Following the events of Alien vs. Predator, a Predator ship leaves Earth carrying Alien facehuggers, and the body of Scar, the Predator that defeated the Alien Queen. A chestburster with traits of both species erupts from Scar’s body. It quickly matures into an adult Predalien, makes its way onto a scout ship that is then detached from the Mothership, and starts killing the Predators. A Predator’s weapon punctures the hull and the scout ship crashes in the forest outside of Gunnison, Colorado, injuring or killing most of the Predators on board.The Predalien and several facehuggers escape, implanting embryos into a nearby father and son as well as several homeless people that live in the sewers. An injured Predator sends a distress signal before being killed by the Predalien. A lone Predator, Wolf, responds, traveling to Earth to kill the Aliens. He uses a blue liquid to erase the evidence of the Aliens’ presence. Meanwhile, ex-convict Dallas Howard has just returned to Gunnison after serving time in prison. He is greeted by Sheriff Eddie Morales and reunites with his younger brother Ricky. Ricky has a romantic interest in his classmate Jesse but is constantly harassed by her boyfriend Dale and two of his friends. Kelly O’Brien has also just returned to Gunnison after serving in the military, and reunites with her husband Tim and daughter Molly. Darcy Benson, the wife of the murdered father, begins her search for her missing husband and son. Meanwhile, local waitress Carrie Adams discovers she is pregnant, but her policeman husband, Ray, is killed by Wolf after witnessing him disposing of the bodies of Darcy’s husband and son.Wolf fights several Aliens in the sewers, and as the battle reaches the surface several of them disperse into the town. Wolf pursues some to the power plant, where collateral damage from its weapons causes a citywide power outage. Ricky and Jesse meet at the high school swimming pool, but are interrupted by Dale and his cohorts just as an Alien enters the building, killing Dale’s friends. Another Alien invades the O’Brien home, killing Tim while Kelly escapes with Molly. After the fry cook at the diner she works at is killed, Carrie is impregnated with bellybusters and killed. Darcy discovers her body in horror but Sheriff Morales arrives and brings her with him. Kelly, Molly, Ricky, Jesse, Dale, Dallas, and Sheriff Morales meet at a sporting goods store to gather weapons. Troops from the Colorado Army National Guard arrive but are quickly killed by the Aliens. When the battle between Wolf and the Aliens enters the store, Dale is killed and Wolf’s shoulder cannons are damaged; he is able to modify one into a hand-held blaster.960As the survivors attempt to escape Gunnison, they make radio contact with Colonel Stevens and are told that an air evacuation is being staged at the center of town. Kelly does not believe him and convinces a small group to go to the hospital where they hope to escape by helicopter, while Sheriff Morales and Darcy head to the evacuation zone. The hospital, however, has been invaded and overrun by the Aliens and the Predalien, who has impregnated some pregnant women to breed more Aliens. Wolf soon arrives and in the ensuing battle, Jesse is killed, Ricky is injured by the Predalien, and Dallas takes possession of Wolf’s blaster cannon after the Predator is attacked by an Alien and both tumble down an elevator shaft. When the battle reaches the rooftop, Dallas, Ricky, Kelly, and Molly escape in the helicopter while Wolf, having survived the fall, battles the Predalien in hand-to-hand combat. Wolf and the Predalien mortally wound each other just as a military jet arrives. Rather than a rescue airlift, it executes a tactical nuclear strike that destroys the entire city. The shock wave causes the fleeing helicopter to crash in a clearing, where the survivors are rescued by the military. Wolf’s blaster cannon is confiscated, and Colonel Stevens presents it to Ms. Yutani. Ms. Yutani tells Colonel Stevens that the world is not yet ready for this kind of advanced technology.avpr-aliens-vs-predator-requiemIn the end its not the epic space opera that many wanted but it is a fun monster romp that exploits the Aliens on Earth storyline and offers the most interesting Predator character since the original.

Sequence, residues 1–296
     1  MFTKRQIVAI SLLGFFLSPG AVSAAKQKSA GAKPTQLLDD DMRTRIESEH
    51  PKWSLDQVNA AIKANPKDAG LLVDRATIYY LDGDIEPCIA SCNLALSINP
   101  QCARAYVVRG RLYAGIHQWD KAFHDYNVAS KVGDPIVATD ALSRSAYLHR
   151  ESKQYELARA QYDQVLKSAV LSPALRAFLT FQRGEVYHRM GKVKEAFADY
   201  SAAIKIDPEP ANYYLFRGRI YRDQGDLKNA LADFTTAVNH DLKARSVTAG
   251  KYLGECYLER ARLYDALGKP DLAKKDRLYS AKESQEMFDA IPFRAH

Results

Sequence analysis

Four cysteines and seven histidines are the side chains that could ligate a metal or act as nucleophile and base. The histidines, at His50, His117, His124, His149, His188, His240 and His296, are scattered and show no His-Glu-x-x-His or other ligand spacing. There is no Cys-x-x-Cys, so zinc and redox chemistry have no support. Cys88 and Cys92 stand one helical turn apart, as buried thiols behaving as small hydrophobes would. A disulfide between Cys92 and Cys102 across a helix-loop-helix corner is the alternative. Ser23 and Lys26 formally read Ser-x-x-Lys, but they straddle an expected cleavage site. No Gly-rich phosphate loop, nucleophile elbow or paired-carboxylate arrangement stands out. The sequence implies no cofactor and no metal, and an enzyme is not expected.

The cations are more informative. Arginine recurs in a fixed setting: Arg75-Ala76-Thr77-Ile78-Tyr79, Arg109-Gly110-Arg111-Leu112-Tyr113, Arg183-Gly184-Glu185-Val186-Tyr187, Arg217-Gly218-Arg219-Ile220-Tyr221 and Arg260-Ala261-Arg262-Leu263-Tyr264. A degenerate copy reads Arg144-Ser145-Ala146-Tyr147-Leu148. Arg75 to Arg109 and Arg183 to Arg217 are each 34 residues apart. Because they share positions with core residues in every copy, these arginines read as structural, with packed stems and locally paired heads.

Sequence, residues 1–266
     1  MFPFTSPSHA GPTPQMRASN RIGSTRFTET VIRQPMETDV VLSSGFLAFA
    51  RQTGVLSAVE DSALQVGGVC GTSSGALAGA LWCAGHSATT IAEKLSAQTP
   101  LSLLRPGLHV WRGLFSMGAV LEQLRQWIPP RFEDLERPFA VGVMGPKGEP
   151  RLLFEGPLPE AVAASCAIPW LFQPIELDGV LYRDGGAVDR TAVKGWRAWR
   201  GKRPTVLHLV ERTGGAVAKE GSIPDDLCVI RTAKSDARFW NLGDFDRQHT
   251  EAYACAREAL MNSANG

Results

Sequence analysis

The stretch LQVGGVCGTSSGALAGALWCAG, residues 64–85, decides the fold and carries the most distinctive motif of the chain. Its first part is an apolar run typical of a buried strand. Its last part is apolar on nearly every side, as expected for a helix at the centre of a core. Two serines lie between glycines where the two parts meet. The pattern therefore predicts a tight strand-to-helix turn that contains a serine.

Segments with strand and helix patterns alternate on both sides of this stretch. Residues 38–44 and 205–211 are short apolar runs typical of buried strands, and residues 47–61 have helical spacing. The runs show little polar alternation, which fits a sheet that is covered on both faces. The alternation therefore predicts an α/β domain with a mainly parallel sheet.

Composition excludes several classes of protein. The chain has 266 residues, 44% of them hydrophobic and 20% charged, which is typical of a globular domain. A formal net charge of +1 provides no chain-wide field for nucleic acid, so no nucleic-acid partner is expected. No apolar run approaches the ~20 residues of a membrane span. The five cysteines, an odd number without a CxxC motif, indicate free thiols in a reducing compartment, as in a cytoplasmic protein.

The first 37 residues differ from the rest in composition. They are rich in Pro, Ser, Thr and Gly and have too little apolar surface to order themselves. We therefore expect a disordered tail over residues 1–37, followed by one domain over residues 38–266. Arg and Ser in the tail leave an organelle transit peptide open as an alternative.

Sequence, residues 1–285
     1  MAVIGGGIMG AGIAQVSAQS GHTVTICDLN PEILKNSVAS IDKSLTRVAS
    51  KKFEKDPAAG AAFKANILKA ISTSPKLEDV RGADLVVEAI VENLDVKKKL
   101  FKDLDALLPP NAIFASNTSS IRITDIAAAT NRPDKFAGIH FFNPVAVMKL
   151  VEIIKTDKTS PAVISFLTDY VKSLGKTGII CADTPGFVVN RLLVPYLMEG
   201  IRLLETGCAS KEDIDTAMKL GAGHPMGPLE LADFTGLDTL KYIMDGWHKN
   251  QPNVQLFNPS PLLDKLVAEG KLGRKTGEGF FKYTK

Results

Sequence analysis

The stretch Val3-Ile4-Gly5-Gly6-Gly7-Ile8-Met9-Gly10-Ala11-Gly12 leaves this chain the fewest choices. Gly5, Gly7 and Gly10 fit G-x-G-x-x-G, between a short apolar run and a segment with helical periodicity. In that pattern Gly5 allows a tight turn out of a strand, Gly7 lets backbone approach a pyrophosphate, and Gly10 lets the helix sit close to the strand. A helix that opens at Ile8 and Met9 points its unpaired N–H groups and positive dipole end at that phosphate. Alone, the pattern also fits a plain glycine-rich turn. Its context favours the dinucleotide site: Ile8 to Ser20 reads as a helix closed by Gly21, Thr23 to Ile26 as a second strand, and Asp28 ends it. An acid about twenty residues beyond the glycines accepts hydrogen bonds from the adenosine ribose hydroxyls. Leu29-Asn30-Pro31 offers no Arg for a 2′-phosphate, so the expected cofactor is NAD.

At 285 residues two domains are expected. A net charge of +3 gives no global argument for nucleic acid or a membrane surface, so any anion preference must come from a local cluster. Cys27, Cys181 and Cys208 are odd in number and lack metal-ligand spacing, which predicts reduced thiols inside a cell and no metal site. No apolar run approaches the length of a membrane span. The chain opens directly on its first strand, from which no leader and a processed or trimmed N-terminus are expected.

REVIEW: THE BUTTERFLY EFFECT 2

CAST

Eric Lively (American Pie)
Erica Durance (Smallville)